“The extraordinary cellist Alisa Weilerstein … gave [Dusapin’s cello concerto] the kind of debut most composers can only dream of achieving…”
Los Angeles Times
“Weilerstein’s cello is her id. She doesn’t give the impression that making music involves will at all. She and the cello seem simply to be one and the same.”
The New York Times
“[Ms. Weilerstein] radiated such concentration and pleasure, not only in the part she was playing but also in the symphony of sound all around her that watching her became a lesson in the art of listening.”
“Weilerstein has…been described as a new generation’s cello superstar through performances marked not only for their technical mastery but for their intense feeling.”
“A young cellist whose emotionally resonant performances of both traditional and contemporary music have earned her international recognition…Weilerstein is a consummate performer, combining technical precision with impassioned musicianship.” So stated the MacArthur Foundation when awarding Alisa Weilerstein a 2011 MacArthur “genius grant” Fellowship, prompting the New York Times to respond: “Any fellowship that recognizes the vibrancy of an idealistic musician like Ms. Weilerstein … deserves a salute from everyone in classical music.” In performances marked by intensity, sensitivity, and a wholehearted immersion in each of the works she interprets, the American cellist has long proven herself to be in possession of a distinctive musical voice.
In the 2018-19 season, Weilerstein releases Transfigured Night on the Pentatone label, joined by Norway’s Trondheim Soloists for three masterworks of the First and Second Viennese Schools: Haydn’s First and Second Cello Concertos and Schoenberg’s Verklärte Nacht, from which the album takes its title. Two Scandinavian performances of the album repertoire with the same ensemble open the season. In the spring, she returns to Verklärte Nacht, this time in a trio version, when she tours Europe and the U.S. with pianist and frequent collaborator Inon Barnatan, violinist Sergey Khachatryan, and percussionist Colin Currie. Between these bookends, she gives performances of Shostakovich’s Second Cello Concerto with five different orchestras (the Gothenburg Philharmonic, Orquesta Nacional de España, Orchestre de Chambre de Lausanne, Valencia Orchestra, and Toronto Symphony), and tours the U.S. playing Dvorák’s Cello Concerto with the Czech Philharmonic led by Semyon Bychkov. She also performs the Schumann Concerto with the Rotterdam Philharmonic in Belgium and the Netherlands, and gives accounts of Saint-Saëns’s First Cello Concerto, Britten’s Symphony for Cello and Orchestra, Richard Strauss’s Don Quixote, and Bloch’s Schelomo: Rhapsodie Hébraïque in cities from San Diego to Vienna. Finally, she gives two performances, with the composer leading both Copenhagen’s DR SymfoniOrkestret and the Cincinnati Symphony, of Matthias Pintscher’s new cello concerto Un despertar (An Awakening), written for her and premiered last season. In the midst of her orchestral engagements are five solo performances of Bach’s complete cello suites, in Beverly Hills, Boston’s Celebrity Series, the Saint-Denis Festival in Paris, the Elbphilharmonie as part of the Schleswig-Holstein Festival and for Cal Performances in Berkeley. After years of playing the pieces individually, this season marks only the third in which she has ventured to perform them all.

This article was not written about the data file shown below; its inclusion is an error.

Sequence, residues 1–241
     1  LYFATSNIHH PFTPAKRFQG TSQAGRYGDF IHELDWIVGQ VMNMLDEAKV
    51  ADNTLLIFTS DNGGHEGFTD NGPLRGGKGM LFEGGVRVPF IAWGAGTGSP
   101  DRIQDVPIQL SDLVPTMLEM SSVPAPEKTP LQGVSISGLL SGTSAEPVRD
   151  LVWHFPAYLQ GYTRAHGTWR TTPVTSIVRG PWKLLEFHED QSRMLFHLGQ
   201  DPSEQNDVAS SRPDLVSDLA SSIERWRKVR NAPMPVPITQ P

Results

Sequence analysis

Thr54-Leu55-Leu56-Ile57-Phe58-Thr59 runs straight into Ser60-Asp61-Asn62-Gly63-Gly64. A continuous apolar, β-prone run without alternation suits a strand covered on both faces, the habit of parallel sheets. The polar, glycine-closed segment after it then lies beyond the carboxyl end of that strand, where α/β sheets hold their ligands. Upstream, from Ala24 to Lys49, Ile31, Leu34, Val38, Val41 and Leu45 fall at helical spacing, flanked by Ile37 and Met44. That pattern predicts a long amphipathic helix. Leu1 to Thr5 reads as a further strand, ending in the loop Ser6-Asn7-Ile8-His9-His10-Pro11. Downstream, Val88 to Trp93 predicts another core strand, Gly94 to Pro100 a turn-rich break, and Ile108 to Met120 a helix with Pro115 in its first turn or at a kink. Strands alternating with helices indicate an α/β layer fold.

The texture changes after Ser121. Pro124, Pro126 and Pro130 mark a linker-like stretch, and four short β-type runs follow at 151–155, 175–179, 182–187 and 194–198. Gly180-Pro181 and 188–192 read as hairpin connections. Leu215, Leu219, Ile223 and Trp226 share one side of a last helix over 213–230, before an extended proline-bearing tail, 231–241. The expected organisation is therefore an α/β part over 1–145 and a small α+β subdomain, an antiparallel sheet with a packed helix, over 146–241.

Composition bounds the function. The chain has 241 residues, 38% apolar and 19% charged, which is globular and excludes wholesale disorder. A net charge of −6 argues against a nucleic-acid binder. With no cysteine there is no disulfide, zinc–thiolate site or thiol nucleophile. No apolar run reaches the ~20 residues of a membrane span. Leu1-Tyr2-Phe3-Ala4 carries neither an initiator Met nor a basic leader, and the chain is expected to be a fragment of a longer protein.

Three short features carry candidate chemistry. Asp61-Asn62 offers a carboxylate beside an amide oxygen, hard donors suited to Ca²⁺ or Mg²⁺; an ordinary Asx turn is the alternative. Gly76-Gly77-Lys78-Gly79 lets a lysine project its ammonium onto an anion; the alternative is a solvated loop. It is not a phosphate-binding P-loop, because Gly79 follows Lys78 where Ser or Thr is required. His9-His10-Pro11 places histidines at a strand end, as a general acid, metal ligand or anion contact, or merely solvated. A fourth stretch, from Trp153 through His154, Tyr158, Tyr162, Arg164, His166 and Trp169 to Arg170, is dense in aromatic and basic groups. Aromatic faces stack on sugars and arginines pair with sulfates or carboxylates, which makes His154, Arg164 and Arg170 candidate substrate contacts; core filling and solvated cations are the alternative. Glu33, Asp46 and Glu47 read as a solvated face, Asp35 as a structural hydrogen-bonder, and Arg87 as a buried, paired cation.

Weilerstein’s growing and celebrated discography includes a recording of the Elgar and Elliott Carter cello concertos with Daniel Barenboim and the Staatskapelle Berlin that was named “Recording of the Year 2013” by BBC Music; the magazine also featured the cellist on the cover of its May 2014 issue. Her next release, on which – as in concerts this season – she played Dvorák’s Cello Concerto with the Czech Philharmonic, topped the U.S. classical chart. Her third album, a compilation of unaccompanied 20th-century cello music titled Solo, was pronounced an “uncompromising and pertinent portrait of the cello repertoire of our time” (ResMusica, France). Solo‘s centerpiece is the Kodály sonata, a signature work that Weilerstein revisits on the soundtrack of If I Stay, a 2014 feature film starring Chloë Grace Moretz in which the cellist makes a cameo appearance as herself. In 2015 she released a recording of sonatas by Chopin and Rachmaninoff, marking her duo album debut with Inon Barnatan, which earned praise from Voix des Arts as “a ravishing recording of fantastic music.” And in 2016 she released a recording of Shostakovich’s two cello concertos with the Bavarian Radio Symphony under Pablo Heras-Casado, hailed by the San Francisco Chronicle as “powerful and even mesmerizing.”